# GMAT & MBA Admissions Blog

## Mark Skoskiewicz

### Recent Posts

There is just something about breaking that 700-score threshold on the GMAT that feels, and perhaps really is, very important when you are applying to business school. In this article, I’ll share a less “technical” view on how to approach the GMAT to improve your chances of scoring 700 or better.

Let’s start with a brief exploration of online tutoring in general, before tackling the question of why and how to pursue online GMAT tutoring.

In a recent post, we explored why, in general, one should consider pursuing an online MBA. Our argument was that an online MBA program should at least be considered by most potential MBA students because:

Should you consider an online MBA? Well, that depends on your situation.

This week's GMAT Question of the Day relates to question #343 from the Official Guide for GMAT Review, 2017. It is a typical AD/BCE, YES/NO Question.

Tags: GMAT quant, GMAT prep

For today's GMAT Question of the Day, we have an AD/BCE Value Question, relating to question #311 from theOfficial Guide for GMAT Review, 2017. See below for a clear, step-by-step example and explanation.

Tags: GMAT quant, GMAT prep

This blog post relates to question #116 from the Official Guide for GMAT Review, 2017.

What intimidates most students here, and sends them spiraling into a black hole of unnecessary calculation, is the first line of the table: 10.8% of 37. It’s not as bad as it looks, but we’ll come back to that…

Tags: GMAT quant, GMAT prep

This blog post relates to question #114 from the Official Guide for GMAT Review, 2017.

This is a classic combined rate problem with a VIC (variables in choices) twist. The authors of the OG provide the straightforward algebraic solution, and, with the proper background in rates problems like this, you shouldn’t have any trouble understanding what they’re up to. However, VIC problems with only one or two variables are begging to be back-solved.

Tags: GMAT quant, GMAT prep

"It ain't what you don't know that gets you into trouble. It's what you know for sure that just ain't so." – Mark Twain

There are many misconceptions about the GMAT. Some are harmless, but others can impact a student’s ability to score well and reach their graduate school goals. Here are five common myths with which you should dispense quickly as you being to prepare for the GMAT.

Myth #1: The GMAT is by far the most important admissions criteria

It’s stressful to imagine that your entire dream of business school rests on one test. And, unfortunately, that stress can increase the chances of you performing poorly on that critical exam. Luckily, this just isn’t true.

Don’t get me wrong. The GMAT is very important. It’s one of the top criteria admission committees consider, and if you want to go to a top ten school, you probably absolutely have to score in the upper 600s to have a shot, and most likely need to have a 700+ score to have a strong shot. But note, a) I’m only talking about top ten schools right now and b) I did not write that you must score 760 to have a strong shot at getting in.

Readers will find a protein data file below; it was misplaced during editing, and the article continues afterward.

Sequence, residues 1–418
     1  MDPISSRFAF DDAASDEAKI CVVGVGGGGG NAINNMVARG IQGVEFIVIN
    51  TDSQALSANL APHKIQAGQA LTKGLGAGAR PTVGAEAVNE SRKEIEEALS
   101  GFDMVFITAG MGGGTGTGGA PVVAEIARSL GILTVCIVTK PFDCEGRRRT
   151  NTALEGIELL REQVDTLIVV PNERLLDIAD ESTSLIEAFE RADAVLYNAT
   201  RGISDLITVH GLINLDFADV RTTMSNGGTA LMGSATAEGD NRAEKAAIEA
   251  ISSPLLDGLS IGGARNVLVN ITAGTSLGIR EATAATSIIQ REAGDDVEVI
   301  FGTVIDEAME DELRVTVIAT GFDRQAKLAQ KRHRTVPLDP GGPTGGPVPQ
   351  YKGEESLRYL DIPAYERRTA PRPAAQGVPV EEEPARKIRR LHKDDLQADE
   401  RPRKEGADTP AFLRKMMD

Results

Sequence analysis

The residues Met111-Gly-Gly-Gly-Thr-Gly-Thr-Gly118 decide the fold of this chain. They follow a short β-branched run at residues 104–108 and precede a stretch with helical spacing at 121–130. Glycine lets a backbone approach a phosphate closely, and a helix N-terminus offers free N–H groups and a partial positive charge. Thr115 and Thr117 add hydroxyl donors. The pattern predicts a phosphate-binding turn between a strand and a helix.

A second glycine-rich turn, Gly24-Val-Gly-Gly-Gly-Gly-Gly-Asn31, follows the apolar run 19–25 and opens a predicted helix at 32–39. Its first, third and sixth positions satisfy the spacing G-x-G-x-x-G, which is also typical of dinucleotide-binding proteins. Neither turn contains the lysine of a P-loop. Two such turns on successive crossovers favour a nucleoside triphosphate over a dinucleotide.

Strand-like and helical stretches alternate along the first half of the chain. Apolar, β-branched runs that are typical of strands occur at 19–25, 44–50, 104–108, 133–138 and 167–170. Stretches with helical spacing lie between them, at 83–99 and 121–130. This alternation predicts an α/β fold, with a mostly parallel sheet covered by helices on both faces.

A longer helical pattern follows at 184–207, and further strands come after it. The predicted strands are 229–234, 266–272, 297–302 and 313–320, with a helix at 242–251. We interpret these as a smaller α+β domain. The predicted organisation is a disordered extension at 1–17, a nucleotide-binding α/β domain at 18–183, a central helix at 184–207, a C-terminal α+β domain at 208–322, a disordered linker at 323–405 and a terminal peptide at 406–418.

In general, MBA programs really DO look at undergraduate grades and classes, leadership qualities, business experience, community service, and perhaps most importantly, your rationale for attending and the ways in which you’ll contribute to their class. For example, I scored a 710 on the GMAT and was accepted at Kellogg, while my boss (who obviously had more experience) scored a 760 and did NOT get in. I can only imagine it had something to do with the story he told about wanting to go to business school.

Myth #2: The higher you score, the better your chances

As with most things in business (and life), strategy matters a lot. Many schools use the GMAT as a threshold of sorts. Once you pass the threshold, you reach diminishing returns quickly, because after the committee sees a GMAT score beyond that threshold, they being to look at other factors mentioned above.

I see too many students targeting top schools wasting their time trying with all their might to go from a 730 to a 760, and unfortunately they are almost certainly wasting their time and money. A top business school doesn’t view a 730 all that much different from a 760. Now, if you are targeting a top 100 business school, and you have a horrible GPA, a 730 GMAT score might get you accepted. And, if you are targeting a top 10 program, a 790 GMAT score might be high enough to stand out. But it is SO hard to get a 790. If you are currently at a 730, you are almost certainly better off focusing on writing excellent essays and pulling together a great application.

Myth #3: The GMAT is a grueling math aptitude test.

If you haven’t been in a math class in a long time, it’s easy to take a cursory view of the GMAT and, sincemany English speaking students are more comfortable with GMAT-verbal, view the whole test as a giant math test. In fact, the math skills tested on the GMAT are mostly from grades 9 and 10 (high school), though you are expected to apply those skills in creative and strategic ways.